Purple, Peruvian, All-Blue, Congo, Purple Viking, Purple Majesty. What do all these regal and slightly exotic names have in common?
All at once, spud-afficionados: they are all varieties of purple fingerling potatoes. Curious, delicious, and very nutritious. My new obsession.
Depending on the variety, the skin ranges from light blue to dark purple, and once cut open, the inside reveals anything from violet to deep purple, marbled to opaque. Unlike their white and yellow counterparts, purple potatoes are rich in the antioxidant, anthocyanin. And akin to their purple and blue cousins (blueberries, blackberries and grapes), they contain flavonoids, which are a proven immune-boosting and cancer-preventing plant metabolites. Preliminary research has also suggested that flavonoids are positive biological response modifiers, meaning (and autoimmune and allergy sufferers, listen up!) that plants containing flavonoids may be a powerful anti-allergy and anti-inflammatory tool. To my paleo readers, if by the small chance you have made it two paragraphs into a blog about potatoes, the debate is still out as to whether purple and sweet potatoes (when consumed in moderation, just like everything else) can be part of a strict paleo diet. Due to different chemcial structures, amino acids and plant toxicity levels, the bright and colorful varieties of tubers may be a highly nutritious and very satisfying addition to the paleo diet. What’s not to like about these things?!?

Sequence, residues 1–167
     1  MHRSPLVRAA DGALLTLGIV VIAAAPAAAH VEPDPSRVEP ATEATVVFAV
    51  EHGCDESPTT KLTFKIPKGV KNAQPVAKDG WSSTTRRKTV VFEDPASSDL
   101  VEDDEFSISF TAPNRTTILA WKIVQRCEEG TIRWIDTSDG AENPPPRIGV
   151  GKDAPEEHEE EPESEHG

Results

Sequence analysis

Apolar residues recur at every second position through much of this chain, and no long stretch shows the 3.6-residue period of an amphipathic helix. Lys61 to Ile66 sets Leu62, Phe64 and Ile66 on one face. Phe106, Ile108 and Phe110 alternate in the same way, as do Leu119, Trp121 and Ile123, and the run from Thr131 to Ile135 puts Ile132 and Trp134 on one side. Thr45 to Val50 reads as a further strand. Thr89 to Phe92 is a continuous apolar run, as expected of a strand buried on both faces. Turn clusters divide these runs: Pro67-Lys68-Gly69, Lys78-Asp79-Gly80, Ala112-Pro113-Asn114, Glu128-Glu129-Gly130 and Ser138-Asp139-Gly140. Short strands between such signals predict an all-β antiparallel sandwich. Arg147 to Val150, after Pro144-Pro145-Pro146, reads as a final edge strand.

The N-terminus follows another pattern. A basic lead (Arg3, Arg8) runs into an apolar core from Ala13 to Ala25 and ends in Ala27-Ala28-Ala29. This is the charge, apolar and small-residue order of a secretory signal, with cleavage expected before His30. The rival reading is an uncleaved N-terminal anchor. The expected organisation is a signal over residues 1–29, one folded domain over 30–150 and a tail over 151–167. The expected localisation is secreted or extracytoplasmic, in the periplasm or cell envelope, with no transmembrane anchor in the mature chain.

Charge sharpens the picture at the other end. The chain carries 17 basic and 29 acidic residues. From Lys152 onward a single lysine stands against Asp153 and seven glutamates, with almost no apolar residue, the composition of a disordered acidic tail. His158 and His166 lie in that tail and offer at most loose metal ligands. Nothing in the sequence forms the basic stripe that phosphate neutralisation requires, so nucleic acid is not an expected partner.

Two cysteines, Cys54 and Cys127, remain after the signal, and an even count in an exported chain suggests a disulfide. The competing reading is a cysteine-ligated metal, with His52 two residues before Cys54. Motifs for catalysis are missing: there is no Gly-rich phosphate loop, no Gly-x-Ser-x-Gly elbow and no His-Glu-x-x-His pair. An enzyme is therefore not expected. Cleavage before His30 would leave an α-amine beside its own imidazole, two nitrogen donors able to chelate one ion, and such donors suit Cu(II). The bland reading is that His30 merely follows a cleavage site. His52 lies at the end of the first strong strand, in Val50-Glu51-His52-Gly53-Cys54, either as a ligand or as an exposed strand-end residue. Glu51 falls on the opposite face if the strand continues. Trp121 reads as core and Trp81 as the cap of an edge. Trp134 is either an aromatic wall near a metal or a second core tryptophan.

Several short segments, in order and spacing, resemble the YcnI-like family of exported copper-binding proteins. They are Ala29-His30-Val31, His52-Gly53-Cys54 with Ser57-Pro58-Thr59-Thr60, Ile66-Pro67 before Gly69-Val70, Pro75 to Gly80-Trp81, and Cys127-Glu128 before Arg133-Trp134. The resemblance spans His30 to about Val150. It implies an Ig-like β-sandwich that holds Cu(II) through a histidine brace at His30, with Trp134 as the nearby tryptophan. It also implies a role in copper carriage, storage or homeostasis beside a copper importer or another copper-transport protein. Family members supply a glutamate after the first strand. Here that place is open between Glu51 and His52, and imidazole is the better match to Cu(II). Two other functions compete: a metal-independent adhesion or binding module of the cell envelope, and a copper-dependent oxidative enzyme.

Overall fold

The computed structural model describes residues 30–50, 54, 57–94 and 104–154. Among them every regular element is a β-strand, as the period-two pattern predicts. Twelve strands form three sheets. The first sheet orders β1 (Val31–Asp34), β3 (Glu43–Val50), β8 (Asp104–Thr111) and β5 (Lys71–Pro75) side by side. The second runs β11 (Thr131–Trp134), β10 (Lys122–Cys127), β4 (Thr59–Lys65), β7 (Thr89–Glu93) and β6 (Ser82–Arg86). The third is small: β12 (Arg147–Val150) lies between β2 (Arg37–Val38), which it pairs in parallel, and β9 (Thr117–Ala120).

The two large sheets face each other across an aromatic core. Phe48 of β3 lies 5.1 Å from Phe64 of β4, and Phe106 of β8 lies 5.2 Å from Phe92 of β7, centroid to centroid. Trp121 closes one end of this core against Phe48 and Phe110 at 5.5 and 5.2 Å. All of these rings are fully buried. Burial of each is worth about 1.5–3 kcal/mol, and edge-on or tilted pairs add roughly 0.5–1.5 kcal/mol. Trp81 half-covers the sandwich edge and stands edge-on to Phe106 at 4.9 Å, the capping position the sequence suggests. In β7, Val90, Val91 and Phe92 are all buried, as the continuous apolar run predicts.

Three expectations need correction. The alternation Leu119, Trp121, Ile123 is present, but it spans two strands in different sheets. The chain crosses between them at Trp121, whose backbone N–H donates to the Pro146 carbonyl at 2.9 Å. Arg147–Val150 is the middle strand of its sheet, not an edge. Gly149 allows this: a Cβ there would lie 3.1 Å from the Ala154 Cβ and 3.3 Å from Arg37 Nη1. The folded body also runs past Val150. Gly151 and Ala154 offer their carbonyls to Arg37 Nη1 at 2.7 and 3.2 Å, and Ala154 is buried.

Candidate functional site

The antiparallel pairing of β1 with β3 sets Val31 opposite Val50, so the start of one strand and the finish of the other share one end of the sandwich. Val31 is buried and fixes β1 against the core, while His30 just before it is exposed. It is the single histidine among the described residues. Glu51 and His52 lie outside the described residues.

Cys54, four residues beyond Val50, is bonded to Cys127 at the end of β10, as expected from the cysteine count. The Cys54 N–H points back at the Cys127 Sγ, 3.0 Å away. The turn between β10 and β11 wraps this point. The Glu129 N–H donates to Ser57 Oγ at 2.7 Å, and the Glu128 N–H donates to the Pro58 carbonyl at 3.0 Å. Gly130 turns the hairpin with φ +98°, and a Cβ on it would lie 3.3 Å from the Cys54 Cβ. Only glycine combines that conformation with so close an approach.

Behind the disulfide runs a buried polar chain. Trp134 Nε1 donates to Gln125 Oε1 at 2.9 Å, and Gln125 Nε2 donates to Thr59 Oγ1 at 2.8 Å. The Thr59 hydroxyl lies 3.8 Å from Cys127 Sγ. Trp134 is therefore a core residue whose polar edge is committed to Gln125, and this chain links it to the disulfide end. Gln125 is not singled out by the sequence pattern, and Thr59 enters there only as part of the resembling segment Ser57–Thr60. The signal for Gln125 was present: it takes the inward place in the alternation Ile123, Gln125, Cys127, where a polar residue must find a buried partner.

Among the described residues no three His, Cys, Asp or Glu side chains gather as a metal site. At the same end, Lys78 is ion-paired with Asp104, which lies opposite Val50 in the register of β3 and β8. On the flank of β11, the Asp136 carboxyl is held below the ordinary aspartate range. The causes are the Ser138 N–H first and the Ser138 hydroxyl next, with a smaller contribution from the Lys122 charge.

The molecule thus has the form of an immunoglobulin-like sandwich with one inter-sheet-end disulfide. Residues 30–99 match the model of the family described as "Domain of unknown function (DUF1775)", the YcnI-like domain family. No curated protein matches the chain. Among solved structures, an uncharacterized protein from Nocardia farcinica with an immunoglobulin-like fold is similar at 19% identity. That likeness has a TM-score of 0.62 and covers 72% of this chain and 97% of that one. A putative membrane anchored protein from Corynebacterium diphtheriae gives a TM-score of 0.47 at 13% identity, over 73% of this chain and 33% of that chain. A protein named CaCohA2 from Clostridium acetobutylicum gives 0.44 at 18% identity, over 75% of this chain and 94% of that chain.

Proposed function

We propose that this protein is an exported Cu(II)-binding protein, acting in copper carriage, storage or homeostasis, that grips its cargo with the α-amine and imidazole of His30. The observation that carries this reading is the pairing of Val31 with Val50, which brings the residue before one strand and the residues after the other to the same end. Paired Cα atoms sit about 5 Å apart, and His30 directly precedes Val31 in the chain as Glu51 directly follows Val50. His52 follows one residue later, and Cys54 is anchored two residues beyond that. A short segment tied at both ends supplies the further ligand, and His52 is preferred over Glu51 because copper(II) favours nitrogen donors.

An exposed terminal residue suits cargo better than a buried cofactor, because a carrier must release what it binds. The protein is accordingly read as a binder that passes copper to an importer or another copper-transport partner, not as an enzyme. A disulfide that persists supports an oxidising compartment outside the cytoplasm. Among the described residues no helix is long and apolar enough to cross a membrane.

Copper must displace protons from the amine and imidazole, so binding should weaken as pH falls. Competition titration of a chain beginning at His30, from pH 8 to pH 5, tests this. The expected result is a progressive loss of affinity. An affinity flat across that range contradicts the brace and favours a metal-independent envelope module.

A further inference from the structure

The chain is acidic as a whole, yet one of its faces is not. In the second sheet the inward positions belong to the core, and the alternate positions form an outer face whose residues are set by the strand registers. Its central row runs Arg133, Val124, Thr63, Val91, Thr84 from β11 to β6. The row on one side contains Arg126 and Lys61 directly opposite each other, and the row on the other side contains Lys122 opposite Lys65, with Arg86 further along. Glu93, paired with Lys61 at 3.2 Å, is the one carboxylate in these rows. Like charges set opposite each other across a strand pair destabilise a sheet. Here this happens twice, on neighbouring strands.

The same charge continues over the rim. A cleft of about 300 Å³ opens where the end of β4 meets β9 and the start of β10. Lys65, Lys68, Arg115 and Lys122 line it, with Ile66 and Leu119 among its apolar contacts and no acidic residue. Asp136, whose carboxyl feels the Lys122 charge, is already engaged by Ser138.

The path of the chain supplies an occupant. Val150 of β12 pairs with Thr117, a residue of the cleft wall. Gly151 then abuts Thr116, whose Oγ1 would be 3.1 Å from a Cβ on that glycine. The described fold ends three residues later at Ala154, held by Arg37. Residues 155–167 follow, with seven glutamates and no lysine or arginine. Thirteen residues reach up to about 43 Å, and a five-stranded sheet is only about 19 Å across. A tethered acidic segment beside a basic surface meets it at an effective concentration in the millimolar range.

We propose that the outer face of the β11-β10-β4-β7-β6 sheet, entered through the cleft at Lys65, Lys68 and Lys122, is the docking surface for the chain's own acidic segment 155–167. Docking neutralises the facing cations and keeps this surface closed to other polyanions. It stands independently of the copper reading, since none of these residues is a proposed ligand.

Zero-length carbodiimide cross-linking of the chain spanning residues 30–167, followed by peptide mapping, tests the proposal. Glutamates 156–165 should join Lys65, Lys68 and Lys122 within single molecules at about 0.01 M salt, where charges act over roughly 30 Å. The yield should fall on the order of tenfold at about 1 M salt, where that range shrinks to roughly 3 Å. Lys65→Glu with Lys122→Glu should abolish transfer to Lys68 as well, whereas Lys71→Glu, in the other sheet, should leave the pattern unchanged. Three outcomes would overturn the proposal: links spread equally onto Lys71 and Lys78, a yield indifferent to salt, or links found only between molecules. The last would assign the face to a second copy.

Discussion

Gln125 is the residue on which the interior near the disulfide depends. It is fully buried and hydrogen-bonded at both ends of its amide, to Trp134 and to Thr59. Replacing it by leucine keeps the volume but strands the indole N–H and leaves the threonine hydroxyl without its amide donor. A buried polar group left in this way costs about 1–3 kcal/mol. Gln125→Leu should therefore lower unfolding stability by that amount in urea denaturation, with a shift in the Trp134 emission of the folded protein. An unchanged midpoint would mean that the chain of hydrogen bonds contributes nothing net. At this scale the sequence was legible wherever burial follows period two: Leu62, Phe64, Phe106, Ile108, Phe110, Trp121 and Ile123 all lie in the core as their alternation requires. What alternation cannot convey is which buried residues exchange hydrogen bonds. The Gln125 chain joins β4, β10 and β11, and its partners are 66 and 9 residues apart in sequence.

Yes, they are nutritious and anti-inflammatory, but I haven’t even gotten to the best part. The flavor. Purple potatoes (though again, there is a range of intensity depending on the variety) have a rich earthy and nutty taste. Regular baked white potatoes cry out for butter, bacon, chives, cheese, etc. etc. etc. because plain they taste like, well, pretty much just bland texture. Purple potatoes have an amazingly complex taste for such a small, simple tuber.
With all of this in mind, I’ve created a recipe for simple mashed purple potatoes that highlights the rich nutty flavor and adds on a little more (flavor and nutrition!)
- Approx. 10 purple potatoes, any variety you find or like, leaving skin intact
- 1 cup almond milk
- 1/2 cup olive oil
- 3-4 cloves garlic, peeled and diced
- a couple stems of sage, leaves pulled off and chopped coarsely
- appox. 1/2 teaspoon red chile powder to be added by the pinchful at your discretion!
- pinchful of sea salt
1. Get a pot of water boiling on the stove.
2. Clean the potatoes (with skin intact unless you really, really don’t like the idea of the texture of the skin in the final product) and boil them about 8-14 minutes (less for smaller varities, more for the larger ones).
3. While the potatoes are boiling, pour half of the olive oil into a pan and heat on medium (NEVER heat olive oil at a higher temperature than this; once it hits ‘smoke point’ at which point the oil becomes very viscous and starts smoking, you have created a saucepan of carcinogens) and add diced garlic and sage (save some fresh garlic and sage to add at the very end if desired). Saute at a low temp about 5-7 minutes, at least long enough to ensure the flavors have infused into the oil, but not too long, at which point the garlic and sage turn black and crispy.
4. Strain the potatoes and set aside to cool.
5. Strain the infused olive oil into a glass bowl or cup. Discard the sauteed sage and garlic if you don’t like bits and pieces in your mashed potatoes. If you’re okay with the bits and pieces, add some of the sauteed goodies for added flavor and texture.
6. Begin the mashing. With a large fork, mash up the purple potatoes gradually adding almond milk, sage-garlic oil, salt and chili powder (and sauteed and/or fresh garlic and sage, if you’re feelin’ it!). Make it personal, make it delicious. And keep it gluten-free.
Happy eating y’all.